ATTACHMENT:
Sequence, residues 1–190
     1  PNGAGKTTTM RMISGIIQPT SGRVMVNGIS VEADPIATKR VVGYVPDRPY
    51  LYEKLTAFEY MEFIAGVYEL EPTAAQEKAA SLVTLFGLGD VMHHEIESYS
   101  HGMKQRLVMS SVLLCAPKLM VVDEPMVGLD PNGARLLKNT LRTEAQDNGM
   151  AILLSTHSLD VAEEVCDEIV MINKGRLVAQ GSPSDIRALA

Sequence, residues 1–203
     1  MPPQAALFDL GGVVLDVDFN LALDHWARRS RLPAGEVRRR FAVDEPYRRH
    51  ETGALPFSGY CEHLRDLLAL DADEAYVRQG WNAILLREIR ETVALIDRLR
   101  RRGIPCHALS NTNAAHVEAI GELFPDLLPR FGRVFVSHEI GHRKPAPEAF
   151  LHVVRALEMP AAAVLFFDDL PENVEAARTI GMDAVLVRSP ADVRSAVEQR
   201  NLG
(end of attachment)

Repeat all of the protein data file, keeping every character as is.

Sequence, residues 1–190
     1  PNGAGKTTTM RMISGIIQPT SGRVMVNGIS VEADPIATKR VVGYVPDRPY
    51  LYEKLTAFEY MEFIAGVYEL EPTAAQEKAA SLVTLFGLGD VMHHEIESYS
   101  HGMKQRLVMS SVLLCAPKLM VVDEPMVGLD PNGARLLKNT LRTEAQDNGM
   151  AILLSTHSLD VAEEVCDEIV MINKGRLVAQ GSPSDIRALA

Sequence, residues 1–203
     1  MPPQAALFDL GGVVLDVDFN LALDHWARRS RLPAGEVRRR FAVDEPYRRH
    51  ETGALPFSGY CEHLRDLLAL DADEAYVRQG WNAILLREIR ETVALIDRLR
   101  RRGIPCHALS NTNAAHVEAI GELFPDLLPR FGRVFVSHEI GHRKPAPEAF
   151  LHVVRALEMP AAAVLFFDDL PENVEAARTI GMDAVLVRSP ADVRSAVEQR
   201  NLG